The move by the four regions among them Somaliland puts the federal government in a difficult position even as it asserts its absolute power and authority over foreign affairs. Somalia has also cited its non- alignment dating back to the Camp David Accords in late 1970s which saw it maintain a neutral position as the Arab League spiraled into a ten year crisis.

DILEMMA

According to Professor Isaiah Cherutich, a Journalism lecturer at the United States International University – Africa in Nairobi, Somalia has found itself in a “catch-22” position as years of instability have greatly eroded the country’s ability to take an independent stand on the crisis.

“Somalia seemingly has no choice but to play according to the rules of dominant forces in the region and some semblance of neutrality may help as they negotiate the murky waters of regional alignments and re-alignments,” he opines.

In negotiating these murky waters, President Farmaajo returned from Riyadh this past week with a $50 million grant from Saudi Arabia after reportedly turning down an $80 million cheque from the Kingdom at the onset of the Gulf feud supposedly to court him vacate his neutral stand.

A section of MPs have expressed opposition to a neutral stand but have done so subtly. However, state presidents most of whom have made sojourns to Abu Dhabi have openly made known their support for Saudi-UAE faction citing economic, religious and cultural ties.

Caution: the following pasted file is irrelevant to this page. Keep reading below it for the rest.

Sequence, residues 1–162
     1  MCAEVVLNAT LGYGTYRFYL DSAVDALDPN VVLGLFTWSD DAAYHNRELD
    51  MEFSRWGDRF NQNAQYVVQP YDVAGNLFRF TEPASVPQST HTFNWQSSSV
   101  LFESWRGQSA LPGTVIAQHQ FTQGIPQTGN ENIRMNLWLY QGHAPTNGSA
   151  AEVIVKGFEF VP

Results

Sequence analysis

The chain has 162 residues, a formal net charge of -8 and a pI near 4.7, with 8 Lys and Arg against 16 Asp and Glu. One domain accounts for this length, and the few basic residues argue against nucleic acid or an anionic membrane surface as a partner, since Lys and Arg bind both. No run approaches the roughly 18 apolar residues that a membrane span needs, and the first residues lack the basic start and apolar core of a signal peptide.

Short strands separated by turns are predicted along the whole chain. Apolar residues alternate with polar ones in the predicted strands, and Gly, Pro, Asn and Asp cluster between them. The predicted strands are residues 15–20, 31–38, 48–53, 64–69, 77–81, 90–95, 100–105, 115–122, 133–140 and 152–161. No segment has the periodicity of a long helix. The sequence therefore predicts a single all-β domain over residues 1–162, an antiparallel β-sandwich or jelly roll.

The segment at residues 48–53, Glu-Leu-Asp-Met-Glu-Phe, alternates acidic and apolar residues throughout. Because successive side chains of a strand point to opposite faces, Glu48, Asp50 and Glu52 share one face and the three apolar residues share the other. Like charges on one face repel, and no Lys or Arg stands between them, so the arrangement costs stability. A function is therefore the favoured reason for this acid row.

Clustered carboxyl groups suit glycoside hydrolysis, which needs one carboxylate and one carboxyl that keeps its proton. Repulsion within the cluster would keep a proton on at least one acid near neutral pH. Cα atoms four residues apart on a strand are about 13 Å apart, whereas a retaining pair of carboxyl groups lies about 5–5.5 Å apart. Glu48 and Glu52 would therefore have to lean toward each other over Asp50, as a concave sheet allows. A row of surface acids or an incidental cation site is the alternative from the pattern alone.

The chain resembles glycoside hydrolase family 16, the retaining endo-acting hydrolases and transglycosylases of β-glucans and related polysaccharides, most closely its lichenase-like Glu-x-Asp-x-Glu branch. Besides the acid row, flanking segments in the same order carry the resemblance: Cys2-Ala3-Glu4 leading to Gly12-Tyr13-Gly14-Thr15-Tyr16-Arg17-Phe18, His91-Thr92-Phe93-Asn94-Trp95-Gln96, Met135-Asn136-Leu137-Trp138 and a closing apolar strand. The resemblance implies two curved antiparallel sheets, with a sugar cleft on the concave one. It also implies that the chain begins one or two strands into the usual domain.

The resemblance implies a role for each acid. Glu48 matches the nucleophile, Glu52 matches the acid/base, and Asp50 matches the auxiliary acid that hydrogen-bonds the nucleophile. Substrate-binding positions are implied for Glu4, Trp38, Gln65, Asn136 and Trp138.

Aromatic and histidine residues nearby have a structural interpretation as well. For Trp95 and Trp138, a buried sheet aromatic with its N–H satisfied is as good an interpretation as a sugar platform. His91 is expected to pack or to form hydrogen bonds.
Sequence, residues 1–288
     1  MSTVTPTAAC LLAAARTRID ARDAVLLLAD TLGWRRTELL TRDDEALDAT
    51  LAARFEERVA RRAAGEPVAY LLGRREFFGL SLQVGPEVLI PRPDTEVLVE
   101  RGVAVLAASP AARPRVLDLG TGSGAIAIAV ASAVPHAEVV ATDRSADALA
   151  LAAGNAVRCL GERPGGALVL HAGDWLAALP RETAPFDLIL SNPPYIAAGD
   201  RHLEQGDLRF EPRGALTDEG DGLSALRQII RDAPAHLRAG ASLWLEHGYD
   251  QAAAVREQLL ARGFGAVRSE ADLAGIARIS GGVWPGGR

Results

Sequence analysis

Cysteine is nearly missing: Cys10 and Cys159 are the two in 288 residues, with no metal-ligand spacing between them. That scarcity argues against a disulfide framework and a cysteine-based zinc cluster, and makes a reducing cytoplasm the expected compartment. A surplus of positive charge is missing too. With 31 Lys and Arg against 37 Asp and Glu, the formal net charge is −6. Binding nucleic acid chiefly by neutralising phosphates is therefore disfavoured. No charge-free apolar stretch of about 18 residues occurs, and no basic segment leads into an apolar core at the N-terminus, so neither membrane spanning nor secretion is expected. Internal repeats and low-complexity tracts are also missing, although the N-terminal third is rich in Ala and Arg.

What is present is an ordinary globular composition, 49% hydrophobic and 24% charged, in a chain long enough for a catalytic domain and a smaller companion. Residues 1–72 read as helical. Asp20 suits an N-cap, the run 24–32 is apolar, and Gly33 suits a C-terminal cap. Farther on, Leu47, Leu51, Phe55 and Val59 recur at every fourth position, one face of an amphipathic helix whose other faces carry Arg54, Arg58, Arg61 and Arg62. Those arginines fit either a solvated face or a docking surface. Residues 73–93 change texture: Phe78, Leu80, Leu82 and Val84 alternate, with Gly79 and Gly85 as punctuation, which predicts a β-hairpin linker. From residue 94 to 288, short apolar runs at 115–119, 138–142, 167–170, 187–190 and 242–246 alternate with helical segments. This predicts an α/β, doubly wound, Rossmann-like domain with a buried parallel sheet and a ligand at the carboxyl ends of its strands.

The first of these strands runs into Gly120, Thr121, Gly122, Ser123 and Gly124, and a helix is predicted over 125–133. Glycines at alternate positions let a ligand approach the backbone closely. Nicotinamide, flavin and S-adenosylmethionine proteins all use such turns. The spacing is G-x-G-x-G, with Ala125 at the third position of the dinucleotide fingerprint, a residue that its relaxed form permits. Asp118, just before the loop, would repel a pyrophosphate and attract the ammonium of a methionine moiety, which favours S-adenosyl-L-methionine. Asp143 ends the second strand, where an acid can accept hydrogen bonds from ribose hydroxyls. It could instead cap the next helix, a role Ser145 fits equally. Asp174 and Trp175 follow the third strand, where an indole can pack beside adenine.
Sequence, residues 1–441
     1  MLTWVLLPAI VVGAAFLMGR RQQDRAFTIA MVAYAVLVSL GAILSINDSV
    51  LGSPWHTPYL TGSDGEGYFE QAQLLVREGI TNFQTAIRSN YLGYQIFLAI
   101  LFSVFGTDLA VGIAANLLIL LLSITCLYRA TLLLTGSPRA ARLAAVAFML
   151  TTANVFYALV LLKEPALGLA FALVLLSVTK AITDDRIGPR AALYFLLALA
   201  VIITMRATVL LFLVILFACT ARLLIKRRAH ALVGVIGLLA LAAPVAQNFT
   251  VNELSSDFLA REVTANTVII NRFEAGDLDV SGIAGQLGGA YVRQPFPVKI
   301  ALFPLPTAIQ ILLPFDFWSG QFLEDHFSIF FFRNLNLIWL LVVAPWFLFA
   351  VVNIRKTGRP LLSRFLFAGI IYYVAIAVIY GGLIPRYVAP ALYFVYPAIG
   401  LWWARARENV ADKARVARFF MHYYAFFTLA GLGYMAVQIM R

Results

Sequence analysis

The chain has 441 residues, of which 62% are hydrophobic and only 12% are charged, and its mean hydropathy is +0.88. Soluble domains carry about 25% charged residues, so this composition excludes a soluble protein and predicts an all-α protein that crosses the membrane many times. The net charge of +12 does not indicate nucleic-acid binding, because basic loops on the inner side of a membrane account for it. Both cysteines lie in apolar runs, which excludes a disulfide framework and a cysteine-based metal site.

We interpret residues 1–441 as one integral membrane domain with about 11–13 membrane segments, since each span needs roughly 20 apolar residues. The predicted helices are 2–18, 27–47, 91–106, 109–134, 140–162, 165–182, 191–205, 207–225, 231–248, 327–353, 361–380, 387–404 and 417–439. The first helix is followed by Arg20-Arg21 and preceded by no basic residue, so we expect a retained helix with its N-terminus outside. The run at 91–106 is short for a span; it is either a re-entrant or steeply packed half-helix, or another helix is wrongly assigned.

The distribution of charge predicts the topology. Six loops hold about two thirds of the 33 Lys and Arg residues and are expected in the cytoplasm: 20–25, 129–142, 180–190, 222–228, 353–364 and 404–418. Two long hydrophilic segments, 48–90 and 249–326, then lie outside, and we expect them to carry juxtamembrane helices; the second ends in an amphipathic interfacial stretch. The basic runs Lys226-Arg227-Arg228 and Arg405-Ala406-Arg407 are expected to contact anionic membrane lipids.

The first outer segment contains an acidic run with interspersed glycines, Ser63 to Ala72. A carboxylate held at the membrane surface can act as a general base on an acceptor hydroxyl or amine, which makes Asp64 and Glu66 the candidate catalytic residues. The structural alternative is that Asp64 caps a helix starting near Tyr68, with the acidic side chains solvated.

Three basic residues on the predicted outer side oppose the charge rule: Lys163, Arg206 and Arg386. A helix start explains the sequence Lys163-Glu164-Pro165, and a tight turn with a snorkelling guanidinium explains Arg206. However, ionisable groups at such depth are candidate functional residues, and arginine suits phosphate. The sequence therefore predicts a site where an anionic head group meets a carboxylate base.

ECONOMY AND RELIGION

Both factions in the Gulf feud have had direct support to the regional administrations but the major port concession pacts in Somaliland and Puntland by UAE’s DP World and P&O Ports respectively could have largely influenced decisions to stick with the UAE in the Gulf Crisis. The controversial naval base pact between Somaliland and UAE no doubt ties Somaliland to the former adding to the fact that Hargeisa and Mogadishu read matters from different scripts.

But the move by Federal Member States (FMS) (Galmudug, South West, and Puntland) and Somaliland to side with Saudi Arabia according to Professor Cherutich could also be linked to Shia-Sunni divide in the Islamic world.